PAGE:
2 February 2000
Johnson Matthey’s Environmental Products group announced that the MTA New York City Transit is the first US transit authority to field test its Continuously Regenerating Technology or CRT™ particulate filter for diesel powered urban buses. Requiring the use of ultra low sulfur fuel, the CRT particulate filter, which has been widely used in Europe, removes up to 90% of the particulate matter (PM), carbon monoxide (CO) and hydrocarbon (HC) emissions from diesel exhaust.
The New York City fleet demonstration program, previously announced by New York Governor George E. Pataki, has now progressed to its demonstration phase. NYC Transit will receive $1 million of the New York State funding to test the CRT particulate filter on 50 buses with two different model diesel engines at the Mother Clara Hale Depot at 146th Street and Lenox Avenue, Manhattan. The first ten (10) buses entered revenue service on 1 February 2000 with the balance to follow in the very near future. They will operate for a year in normal revenue service in Manhattan and the Bronx on ultra low sulfur fuel supplied by Equilon, a Shell-Texaco joint venture.
The program involves monitoring of engine backpressure on the buses in order to confirm proper regeneration of the particulate filters. At two points during the field trial, a number of buses will be also subjected to comprehensive laboratory emissions testing.
Michael T. Cinaglia, General Manager of the Johnson Matthey Environmental Products group, said, "The NYC Transit test is expected to verify the emissions reduction benefits of the CRT particulate filter, as well as its durability on buses operated in a rigorous urban duty cycle."
"The CRT particulate filter has been successfully proven in several European countries on more than 6,500 buses, heavy-duty trucks and municipal vehicles. In total, the technology has accumulated hundreds of millions of miles," Cinaglia said.
In support of the demonstration program, MTA NYC Transit President Lawrence G. Reuter said: "MTA NYC Transit’s aggressive bus emissions reduction plan has already succeeded in reducing our fleet’s generation of particulate matter in NYC to less than 1%. Still, we see the CRT Technology as an exciting additional weapon against pollution in our technological arsenal. We are hopeful and optimistic that the CRT Technology, which performed so well in European tests, will perform as well in one of the world’s toughest urban mass transportation environments."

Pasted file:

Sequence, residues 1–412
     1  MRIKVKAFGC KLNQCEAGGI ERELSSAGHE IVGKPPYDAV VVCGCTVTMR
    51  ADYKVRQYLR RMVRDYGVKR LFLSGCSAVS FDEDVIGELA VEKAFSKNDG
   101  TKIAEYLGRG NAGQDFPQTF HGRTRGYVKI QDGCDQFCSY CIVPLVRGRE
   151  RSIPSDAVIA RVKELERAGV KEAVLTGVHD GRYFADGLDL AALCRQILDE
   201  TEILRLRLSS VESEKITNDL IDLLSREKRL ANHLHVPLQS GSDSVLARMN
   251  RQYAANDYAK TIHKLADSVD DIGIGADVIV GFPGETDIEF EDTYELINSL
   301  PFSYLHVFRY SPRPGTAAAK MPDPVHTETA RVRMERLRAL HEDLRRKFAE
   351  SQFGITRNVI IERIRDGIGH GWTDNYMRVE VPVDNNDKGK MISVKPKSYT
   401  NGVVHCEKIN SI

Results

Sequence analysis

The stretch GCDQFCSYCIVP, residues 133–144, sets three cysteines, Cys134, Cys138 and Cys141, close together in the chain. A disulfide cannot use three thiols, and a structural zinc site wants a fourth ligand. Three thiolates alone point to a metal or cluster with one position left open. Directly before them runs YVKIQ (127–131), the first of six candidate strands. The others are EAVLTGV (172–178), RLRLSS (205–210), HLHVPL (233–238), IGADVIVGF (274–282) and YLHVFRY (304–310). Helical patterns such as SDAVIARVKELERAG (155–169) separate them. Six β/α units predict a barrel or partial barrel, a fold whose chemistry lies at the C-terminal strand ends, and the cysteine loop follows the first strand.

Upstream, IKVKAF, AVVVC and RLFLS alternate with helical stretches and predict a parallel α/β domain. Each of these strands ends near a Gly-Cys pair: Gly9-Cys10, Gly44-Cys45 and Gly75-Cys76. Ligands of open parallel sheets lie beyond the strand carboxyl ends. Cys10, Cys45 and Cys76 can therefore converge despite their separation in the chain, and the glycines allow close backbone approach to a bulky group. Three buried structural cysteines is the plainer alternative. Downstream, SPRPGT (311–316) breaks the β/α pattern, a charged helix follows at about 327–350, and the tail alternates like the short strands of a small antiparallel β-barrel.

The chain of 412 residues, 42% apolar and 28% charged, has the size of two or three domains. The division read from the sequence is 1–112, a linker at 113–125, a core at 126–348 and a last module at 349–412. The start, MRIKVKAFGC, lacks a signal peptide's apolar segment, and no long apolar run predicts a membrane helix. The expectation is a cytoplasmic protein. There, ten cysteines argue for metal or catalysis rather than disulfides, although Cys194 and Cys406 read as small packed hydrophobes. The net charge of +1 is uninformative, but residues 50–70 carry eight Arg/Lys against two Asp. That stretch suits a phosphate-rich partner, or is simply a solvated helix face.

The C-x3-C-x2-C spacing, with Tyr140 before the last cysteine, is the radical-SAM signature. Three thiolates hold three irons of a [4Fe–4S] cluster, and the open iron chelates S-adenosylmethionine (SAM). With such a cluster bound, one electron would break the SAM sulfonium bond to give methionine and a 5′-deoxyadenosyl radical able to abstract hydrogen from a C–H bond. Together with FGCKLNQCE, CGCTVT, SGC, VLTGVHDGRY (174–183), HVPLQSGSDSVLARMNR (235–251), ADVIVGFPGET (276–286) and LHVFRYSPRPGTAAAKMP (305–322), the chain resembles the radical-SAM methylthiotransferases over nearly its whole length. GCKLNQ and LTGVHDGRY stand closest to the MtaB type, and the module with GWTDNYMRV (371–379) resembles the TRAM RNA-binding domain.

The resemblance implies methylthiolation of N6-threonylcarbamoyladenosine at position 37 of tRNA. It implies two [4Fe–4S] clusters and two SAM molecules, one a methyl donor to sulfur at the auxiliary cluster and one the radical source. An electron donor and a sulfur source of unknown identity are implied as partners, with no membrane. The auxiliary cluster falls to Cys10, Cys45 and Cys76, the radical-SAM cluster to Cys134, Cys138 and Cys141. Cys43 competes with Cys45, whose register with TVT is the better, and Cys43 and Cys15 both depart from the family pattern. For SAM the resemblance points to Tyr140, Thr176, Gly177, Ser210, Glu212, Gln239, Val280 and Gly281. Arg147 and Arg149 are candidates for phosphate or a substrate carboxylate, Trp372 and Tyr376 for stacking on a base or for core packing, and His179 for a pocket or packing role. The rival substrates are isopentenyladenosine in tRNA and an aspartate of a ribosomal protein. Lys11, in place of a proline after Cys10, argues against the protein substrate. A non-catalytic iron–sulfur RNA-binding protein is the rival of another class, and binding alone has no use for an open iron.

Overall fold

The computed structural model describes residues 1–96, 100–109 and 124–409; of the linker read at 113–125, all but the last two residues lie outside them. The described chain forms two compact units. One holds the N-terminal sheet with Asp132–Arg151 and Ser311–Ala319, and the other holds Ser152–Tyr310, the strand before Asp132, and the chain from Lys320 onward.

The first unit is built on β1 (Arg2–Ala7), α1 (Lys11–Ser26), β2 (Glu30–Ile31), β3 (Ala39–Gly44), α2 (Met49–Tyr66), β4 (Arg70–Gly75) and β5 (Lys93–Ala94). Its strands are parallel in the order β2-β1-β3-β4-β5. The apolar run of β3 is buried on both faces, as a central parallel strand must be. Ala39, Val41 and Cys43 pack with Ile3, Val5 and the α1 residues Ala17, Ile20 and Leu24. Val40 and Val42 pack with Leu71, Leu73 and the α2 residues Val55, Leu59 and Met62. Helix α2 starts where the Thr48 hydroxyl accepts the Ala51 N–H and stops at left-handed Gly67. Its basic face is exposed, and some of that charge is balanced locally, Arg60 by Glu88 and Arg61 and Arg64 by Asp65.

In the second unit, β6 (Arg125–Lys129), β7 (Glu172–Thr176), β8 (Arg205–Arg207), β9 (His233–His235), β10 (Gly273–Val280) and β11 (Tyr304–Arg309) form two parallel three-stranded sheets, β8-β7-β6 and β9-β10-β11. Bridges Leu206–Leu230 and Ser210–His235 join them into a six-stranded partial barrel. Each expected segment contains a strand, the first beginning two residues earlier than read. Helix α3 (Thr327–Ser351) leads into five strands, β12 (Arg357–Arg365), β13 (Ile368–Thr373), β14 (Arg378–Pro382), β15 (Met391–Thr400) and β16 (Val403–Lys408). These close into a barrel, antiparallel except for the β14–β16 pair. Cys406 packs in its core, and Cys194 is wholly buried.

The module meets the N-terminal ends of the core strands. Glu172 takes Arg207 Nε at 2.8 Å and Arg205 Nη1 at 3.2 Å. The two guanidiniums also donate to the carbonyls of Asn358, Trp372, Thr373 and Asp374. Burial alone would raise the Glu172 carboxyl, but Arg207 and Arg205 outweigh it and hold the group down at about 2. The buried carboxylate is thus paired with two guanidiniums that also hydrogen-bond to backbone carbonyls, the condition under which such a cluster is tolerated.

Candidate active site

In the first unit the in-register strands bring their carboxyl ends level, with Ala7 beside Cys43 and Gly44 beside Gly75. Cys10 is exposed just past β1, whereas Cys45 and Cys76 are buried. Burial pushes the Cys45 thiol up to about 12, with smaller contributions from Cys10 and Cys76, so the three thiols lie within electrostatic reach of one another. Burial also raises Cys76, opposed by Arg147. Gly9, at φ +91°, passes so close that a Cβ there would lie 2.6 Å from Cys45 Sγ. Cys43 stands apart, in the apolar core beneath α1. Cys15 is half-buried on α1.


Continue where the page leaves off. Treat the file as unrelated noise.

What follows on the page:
The CRT particulate filter is a patented emission control technology that contains a platinum-coated catalyst and a particulate filter, engineered as a totally passive emission control system. The device is made up of two chambers. The first chamber contains a ceramic substrate coated with a thin layer of platinum, which is a highly effective oxidation catalyst. The catalyst converts CO and HCs into carbon dioxide and water. The Johnson Matthey catalyst also oxidizes a portion of the nitrogen oxide in the exhaust to nitrogen dioxide (NO2), which is the key to the elimination of soot collected by the CRT particulate filter.
In the second chamber, the exhaust flows through a ceramic wall-flow particulate filter, where gaseous components pass through but soot is trapped on the walls of the filter, where it is destroyed by the NO2 produced by the catalyst in the first chamber.
In addition to Johnson Matthey and NYC Transit, the remaining partners in the fleet demonstration program include Corning International, Corning, NY, supplying the ceramic wall flow filters; the New York State Department of Environmental Conservation, with responsibility to help define and oversee the emissions testing of the buses; Environment Canada, Ottawa, Ontario, who will actually perform the emissions testing; Equilon, who will be producing the ultra low sulfur fuel; and RAD Energy Corporation, NYC Transit’s current local fuel supplier.
MTA New York City Transit is a public benefit corporation of New York State. It is one of five agencies of the Metropolitan Transportation Authority. NYC Transit operates the New York City subway system and a fleet of over 4,000 urban transit buses - the largest fleet in North America. The buses travel approximately 120 million miles annually in revenue service throughout the five boroughs of New York City.
For more information, contact Marty Lassen, Johnson Matthey Catalytic Systems Division, 610-341-3404, firstname.lastname@example.org.
Source: Johnson Matthey